After 125 Years in Manhattan, Van Alen Institute Makes Brooklyn Its New home

After 125 Years in Manhattan, Van Alen Institute Makes Brooklyn Its New home
New location of Van Alen Institute. Courtesy of Van Alen Institute.

GOWANUS — The Van Alen Institute announced their move to a new location in Gowanus, leaving behind their Flatiron space after 125 years.

The Van Alen Institute is an architectural nonprofit organization, dedicated to improving public design. It was founded in 1894 as the Society of Beaux-Arts Architects, and in 1995, the institute was named in honor of William Van Alen, the architect of the Chrysler Building and recipient of the institute’s 1908-1909 Paris Prize.

The institute announced on December 10 their ground lease of 303 Bond Street, a 3,500-square-foot ground floor space in Gowanus. Starting in Spring 2020, the new location will house workspaces and a home for public programming.

“Since our founding 125 years ago, Van Alen has been providing exemplary education within the design fields and creating opportunities to rethink how cities work,” said Deborah Marton, Executive Director, Van Alen Institute in a statement. “With this move to another storefront space, we’re committed to turning outward—literally—to encourage the kind of work across municipalities, professionals, and communities that can bring about meaningful change.”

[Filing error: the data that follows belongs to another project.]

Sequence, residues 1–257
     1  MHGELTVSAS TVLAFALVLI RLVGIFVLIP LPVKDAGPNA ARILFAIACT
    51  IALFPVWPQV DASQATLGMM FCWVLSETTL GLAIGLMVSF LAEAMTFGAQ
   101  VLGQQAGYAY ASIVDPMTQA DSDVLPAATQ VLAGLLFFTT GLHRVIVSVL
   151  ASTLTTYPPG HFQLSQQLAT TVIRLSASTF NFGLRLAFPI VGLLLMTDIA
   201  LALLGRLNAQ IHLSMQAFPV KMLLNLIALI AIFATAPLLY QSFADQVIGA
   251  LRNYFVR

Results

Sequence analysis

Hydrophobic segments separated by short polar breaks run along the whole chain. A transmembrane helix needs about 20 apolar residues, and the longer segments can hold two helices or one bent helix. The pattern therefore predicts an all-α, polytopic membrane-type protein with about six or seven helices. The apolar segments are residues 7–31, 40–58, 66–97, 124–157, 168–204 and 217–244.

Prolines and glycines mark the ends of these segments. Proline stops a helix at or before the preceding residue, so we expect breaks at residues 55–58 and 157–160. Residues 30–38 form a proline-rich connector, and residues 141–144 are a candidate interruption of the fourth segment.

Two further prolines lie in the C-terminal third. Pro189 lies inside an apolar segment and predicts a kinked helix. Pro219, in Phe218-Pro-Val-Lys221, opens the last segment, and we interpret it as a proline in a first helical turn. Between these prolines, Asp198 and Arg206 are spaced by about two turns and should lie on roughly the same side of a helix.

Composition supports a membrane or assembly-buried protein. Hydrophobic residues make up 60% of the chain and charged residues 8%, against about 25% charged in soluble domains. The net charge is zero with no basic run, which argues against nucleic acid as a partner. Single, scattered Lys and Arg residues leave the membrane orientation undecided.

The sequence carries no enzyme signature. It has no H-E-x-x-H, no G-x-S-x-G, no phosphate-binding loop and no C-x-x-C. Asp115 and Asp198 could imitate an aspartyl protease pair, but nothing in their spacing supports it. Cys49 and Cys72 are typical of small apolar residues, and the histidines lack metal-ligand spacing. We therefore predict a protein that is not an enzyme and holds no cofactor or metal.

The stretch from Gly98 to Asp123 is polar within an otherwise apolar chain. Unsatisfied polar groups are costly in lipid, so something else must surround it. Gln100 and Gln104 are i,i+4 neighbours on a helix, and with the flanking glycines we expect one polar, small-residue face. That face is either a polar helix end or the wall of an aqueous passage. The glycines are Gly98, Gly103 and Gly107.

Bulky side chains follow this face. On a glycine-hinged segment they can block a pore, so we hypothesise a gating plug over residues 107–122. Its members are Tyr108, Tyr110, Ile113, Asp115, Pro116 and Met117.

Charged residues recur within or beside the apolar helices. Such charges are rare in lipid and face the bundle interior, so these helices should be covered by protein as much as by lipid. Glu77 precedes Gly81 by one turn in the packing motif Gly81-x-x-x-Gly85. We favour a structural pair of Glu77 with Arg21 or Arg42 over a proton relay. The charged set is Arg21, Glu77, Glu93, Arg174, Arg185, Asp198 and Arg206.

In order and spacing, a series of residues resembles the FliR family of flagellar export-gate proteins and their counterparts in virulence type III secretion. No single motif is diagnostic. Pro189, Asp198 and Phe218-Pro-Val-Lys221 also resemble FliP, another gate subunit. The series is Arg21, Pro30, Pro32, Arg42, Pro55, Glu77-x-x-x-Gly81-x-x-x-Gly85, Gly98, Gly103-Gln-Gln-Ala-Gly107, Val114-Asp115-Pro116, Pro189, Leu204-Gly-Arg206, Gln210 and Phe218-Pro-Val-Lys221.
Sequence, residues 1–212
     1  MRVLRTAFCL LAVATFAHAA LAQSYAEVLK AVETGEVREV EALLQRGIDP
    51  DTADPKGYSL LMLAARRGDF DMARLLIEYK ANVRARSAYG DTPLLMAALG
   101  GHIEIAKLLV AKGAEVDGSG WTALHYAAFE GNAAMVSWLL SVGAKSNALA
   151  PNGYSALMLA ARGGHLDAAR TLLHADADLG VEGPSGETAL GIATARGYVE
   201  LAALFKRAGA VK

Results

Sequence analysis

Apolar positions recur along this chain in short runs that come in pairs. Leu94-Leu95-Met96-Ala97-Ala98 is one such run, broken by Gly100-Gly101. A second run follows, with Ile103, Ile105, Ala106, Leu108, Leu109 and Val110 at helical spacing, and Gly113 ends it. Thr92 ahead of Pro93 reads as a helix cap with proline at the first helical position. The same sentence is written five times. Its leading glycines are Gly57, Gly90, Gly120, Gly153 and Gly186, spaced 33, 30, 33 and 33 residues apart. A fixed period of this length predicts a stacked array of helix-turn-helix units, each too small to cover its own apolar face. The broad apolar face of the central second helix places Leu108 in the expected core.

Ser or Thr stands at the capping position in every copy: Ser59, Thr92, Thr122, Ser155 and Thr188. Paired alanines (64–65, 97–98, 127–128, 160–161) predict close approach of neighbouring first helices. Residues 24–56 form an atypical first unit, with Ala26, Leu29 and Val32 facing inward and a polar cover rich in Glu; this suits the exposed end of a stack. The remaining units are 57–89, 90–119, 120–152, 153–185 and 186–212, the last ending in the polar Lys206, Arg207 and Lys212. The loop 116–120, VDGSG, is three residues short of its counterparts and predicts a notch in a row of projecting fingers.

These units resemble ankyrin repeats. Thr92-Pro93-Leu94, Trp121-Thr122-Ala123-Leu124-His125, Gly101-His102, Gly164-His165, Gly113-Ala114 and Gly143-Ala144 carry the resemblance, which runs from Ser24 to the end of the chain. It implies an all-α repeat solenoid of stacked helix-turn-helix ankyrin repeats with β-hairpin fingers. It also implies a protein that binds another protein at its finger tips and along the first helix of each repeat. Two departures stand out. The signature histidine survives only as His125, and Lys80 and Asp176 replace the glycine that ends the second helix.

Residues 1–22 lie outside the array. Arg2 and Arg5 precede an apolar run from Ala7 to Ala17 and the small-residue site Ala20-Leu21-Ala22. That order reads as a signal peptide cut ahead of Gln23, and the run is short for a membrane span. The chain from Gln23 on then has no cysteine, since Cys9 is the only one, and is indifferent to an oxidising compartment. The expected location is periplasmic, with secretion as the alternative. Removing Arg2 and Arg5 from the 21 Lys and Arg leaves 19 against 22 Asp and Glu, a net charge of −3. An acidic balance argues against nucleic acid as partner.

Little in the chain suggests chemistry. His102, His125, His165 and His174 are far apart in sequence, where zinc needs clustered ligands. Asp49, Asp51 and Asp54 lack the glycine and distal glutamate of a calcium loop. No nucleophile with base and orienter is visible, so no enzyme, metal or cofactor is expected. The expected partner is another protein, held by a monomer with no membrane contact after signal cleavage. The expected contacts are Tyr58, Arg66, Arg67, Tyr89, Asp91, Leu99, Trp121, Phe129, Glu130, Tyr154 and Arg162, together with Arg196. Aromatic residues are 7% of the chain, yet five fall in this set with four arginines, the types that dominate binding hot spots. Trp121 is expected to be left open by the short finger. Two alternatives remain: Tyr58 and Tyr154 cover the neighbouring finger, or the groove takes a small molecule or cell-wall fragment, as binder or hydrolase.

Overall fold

Keeping Current Climate Design Lab. Courtesy of Van Alen Institute.

The Van Alen Institute supports architects, urban designers, and scholars through design-based competitions, fellowships, awards, and public programs focused on making architecture and design accessible to the public.

“We must use design thinking to answer questions we hear most often from outside the profession – questions about displacement, responsible city growth, and the impacts of climate change,” continued Marton in her statement.

Gowanus is currently undergoing rezoning, and much attention has been focused on the changing environment. Many businesses have felt left behind in the process, and some 500 artists and creators along the Gowanus Canal were displaced to make space for a new office development.

“It’s critical to our mission to maintain street-level access and a connection to our surroundings, which 303 Bond Street provides. Gowanus also sits at the intersection of social and environmental equity, which has been the focus of Van Alen’s work in recent years,” Marton wrote to Bklyner in an email. “We’re aware that there are concerns about development in Gowanus. Our doors will be open to our neighbors and we will be actively engaging with them to learn more about these topics before we can contribute to the conversation in an educated way.”

Their recent works include the installation “Ziggy” at the Flatiron North Public Plaza on view through January 1. Designed by the winners of their annual holiday design competition, HOU DE SOUSA, the vibrant sculpture lights up and brings a positive radiance to the bustling Manhattan area.